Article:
The technological discipline of hydrometallurgy offers the opportunity for refining of pure metal fractions out of mixed raw material resources.
To be able to carry out hydrometallurgical operations, the active materials first need to be transferred into the hydrous phase. Depending on chemical systems, either acids or bases are used. Hydrometallurgic processes are always designed from a process technology point of view in such a way that the disintegration agents used are regenerated and re-used. The goal is to design the hydrometallurgical processes such that they are closed loops as much as possible.
MME Engineering has vast knowledge of hydrometallurgical technologies, which are connected with regenerative technologies for the re-use of disintegration agents. MME Engineering has experience in the following areas.
- Recovery of raw materials containing aluminium
- Recycling secondary active materials that contain tungsten and cobalt (hard metal and heavy metal alloys)
- Control technologies for iron in hydrometallurgy
- Red sludge processing from the aluminium industry
- Recovery of pure metals form waste deposits or slags
Recovery of Lithium from electrical energy storage Units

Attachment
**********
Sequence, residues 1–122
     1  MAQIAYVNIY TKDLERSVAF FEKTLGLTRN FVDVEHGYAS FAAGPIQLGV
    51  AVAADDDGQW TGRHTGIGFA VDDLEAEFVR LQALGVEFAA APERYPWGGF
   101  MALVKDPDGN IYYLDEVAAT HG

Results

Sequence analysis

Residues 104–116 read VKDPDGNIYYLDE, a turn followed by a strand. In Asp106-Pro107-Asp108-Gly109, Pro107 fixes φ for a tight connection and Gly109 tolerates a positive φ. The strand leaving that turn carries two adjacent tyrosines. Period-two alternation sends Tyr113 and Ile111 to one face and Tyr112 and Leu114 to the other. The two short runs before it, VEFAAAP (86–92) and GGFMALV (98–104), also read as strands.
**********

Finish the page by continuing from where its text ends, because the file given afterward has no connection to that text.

As part of the growing electric mobility the topic of “mobile power supply” is of central importance. The current state-of-the-art technology for compact and mobile power supply units in electric vehicles is the Lithium-Ion battery. In addition to this battery technology there are numerous other concepts based on nickel-cadmium or metal hydride technologies. The Lithium battery is considered the most promising version for the future. For this reason the demand for Lithium will continue to rise, in conjunction with the increasing number of electric vehicles, and other devices, coming on the market. The Lithium-Ion technology, however, is considered expensive. According to the current level of development of electric mobility the battery is the most expensive part of the electric car. This is also linked to the raw material supply of the market. An essential approach to the lowering of battery prices is, from MME’s point of view, that technologies be made available which can recover the raw material Lithium as a pure substance from dead Lithium-Ion batteries, in order to feed it into a closed circuit of the manufacturing industry. Because Lithium-Ion batteries are made of a number of different materials the challenge is to design suitable technological concepts for separating the individual metal fractions. MME is rising to the challenge of establishing suitable recycling concepts.